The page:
If consumers don’t have spending power, the entire economy takes a hit. Right now, Millennials and younger generations have reasons to feel good about their financial future, which bodes well for advertisers and brands of all sizes.
However, young people have a few things working against their long-term spending power, and one of them is social media. Today, we’ll explore how Millennials spend on social and how advertisers can incorporate that knowledge in their campaigns.
Millennials Are Financially Confident, but Social Media Encourages Spending
Early in February, Allianz Life Insurance Company released findings from its Generations Ahead Study. As we might expect, the study focused a great deal on Millennials.
The study found that 77 percent of Millennials feel financially confident and, more importantly, they have solid reasons for that confidence:
- Forty-one percent set aside money each month, compared with just 36 percent of Gen Xers.
- Seventy-one percent use tools to make saving easier, such as multiple savings accounts for various needs and wants (daily expenses, loans, vacation savings, etc.).
Further, Millennials are less likely than Gen X to rack up credit card debt or take out loans for housing and auto needs, according to a report from TransUnion.
Yet, Millennials (and those coming behind them – Generation Z or the Pivotals) face a challenge to financial progress that older generations didn’t at their age: social media. Social media is like a constant, incredibly alluring advertisement, not only for physical products and commercial services, but also for experiences.
Millennials are bombarded daily with friends’ fun experiences on Facebook and other channels, and report the following reactions to that exposure (from the Allianz study above):
- Fifty-five percent say they have a fear of missing out (FOMO).
- Fifty-seven percent spent money they hadn’t planned to after seeing something in their feeds.
- Eighty-eight percent think social media makes it easier to compare one’s finances and experiences with others’.
- Sixty-one percent feel inadequate after looking at social media.
- Fifty percent admits spending more on going out than on the mortgage or rent.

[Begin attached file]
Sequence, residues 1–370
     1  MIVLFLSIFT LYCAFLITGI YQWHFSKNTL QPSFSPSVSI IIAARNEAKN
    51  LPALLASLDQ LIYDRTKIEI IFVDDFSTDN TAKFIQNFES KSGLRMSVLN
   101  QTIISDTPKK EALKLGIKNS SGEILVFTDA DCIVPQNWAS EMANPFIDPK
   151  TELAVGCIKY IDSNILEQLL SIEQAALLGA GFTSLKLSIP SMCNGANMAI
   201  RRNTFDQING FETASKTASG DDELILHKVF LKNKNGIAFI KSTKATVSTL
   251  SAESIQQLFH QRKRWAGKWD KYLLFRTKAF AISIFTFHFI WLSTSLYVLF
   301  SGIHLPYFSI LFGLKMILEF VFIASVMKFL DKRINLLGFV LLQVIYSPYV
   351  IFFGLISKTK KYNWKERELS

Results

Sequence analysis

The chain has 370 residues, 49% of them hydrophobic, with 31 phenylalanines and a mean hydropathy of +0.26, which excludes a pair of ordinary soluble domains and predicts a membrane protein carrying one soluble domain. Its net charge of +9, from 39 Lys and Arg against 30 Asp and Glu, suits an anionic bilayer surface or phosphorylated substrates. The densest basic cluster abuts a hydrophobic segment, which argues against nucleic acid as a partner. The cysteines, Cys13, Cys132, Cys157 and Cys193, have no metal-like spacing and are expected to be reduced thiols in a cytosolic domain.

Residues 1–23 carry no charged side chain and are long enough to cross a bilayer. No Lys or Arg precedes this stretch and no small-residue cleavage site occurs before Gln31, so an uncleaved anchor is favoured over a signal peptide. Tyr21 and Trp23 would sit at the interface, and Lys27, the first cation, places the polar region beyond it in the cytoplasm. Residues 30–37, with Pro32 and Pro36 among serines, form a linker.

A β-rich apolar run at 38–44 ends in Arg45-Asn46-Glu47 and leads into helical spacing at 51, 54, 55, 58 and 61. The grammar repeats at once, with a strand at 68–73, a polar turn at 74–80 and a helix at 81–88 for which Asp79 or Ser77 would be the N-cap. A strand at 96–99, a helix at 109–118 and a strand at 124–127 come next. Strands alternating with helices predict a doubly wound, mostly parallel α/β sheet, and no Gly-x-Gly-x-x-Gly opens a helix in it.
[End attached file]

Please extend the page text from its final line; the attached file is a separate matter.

Allianz Life speculates that Millennials are acting on two major forces in this space of social media and spending: greater confidence due to responsible saving habits and liberal spending due to FOMO.
So, while Millennials aren’t spending on things like homes, cars and children the way previous generations did, they’re still influenced by what their peers are buying.
According to reporting from Forbes, 72 percent of Millennials have purchased beauty and fashion products after seeing an Instagram post. Seventy-one percent are more likely to buy something online if someone recommends it (which often happens through social media).
Influencers – the best influencers – are a big part of this. Forbes goes on to report that just 5 percent of social media influencers drove 45 percent of social influence. This is especially true in the fashion and beauty industries, where social media posts heavily drive Millennials to make purchases.
Including Millennials in Your Advertising Strategy
Millennials are a force to be reckoned with in terms of consumer spending power. This Forbes article cites that in 2018, Millennials will have the most spending power of any generation.
Adweek offers some advice when it comes to overcoming the challenges of reaching this generation on social media:
Use videos and images rather than text. Millennials don’t want you to tell them about your brand; they want you to show them who you are. Video is far more inviting in this respect.
Scale up on Snapchat as you scale down on Facebook. Younger Millennials often choose social media that isn’t used by their parents and grandparents.
Ignore Pinterest and Google+. Despite both sites having respectable numbers of users, they aren’t places attracting large swaths of Millennials.
Pay for social media advertisements; don’t leave it to organic searches. This is a way to get specific with targeting and reach beyond your followers.
To learn even more about how to tap into this special segment, check out articles we’ve written previously on the topic:
- Millennials and Advertising: What You Need to Know.
- Advertise to Millennials, Not Millennial Stereotypes.
- Ad Endorsement: Opt for Influencers Over Celebrities.
- How Small Business Can Make the Most of Social Media Advertising.
Millennials have confidence in their earning and saving power, but are vulnerable to the endless spending opportunities presented on social media. If the ad industry promotes experiences and true Millennial values in its content, and partners with the right influencers to develop it, the results can be great for advertisers and consumers alike.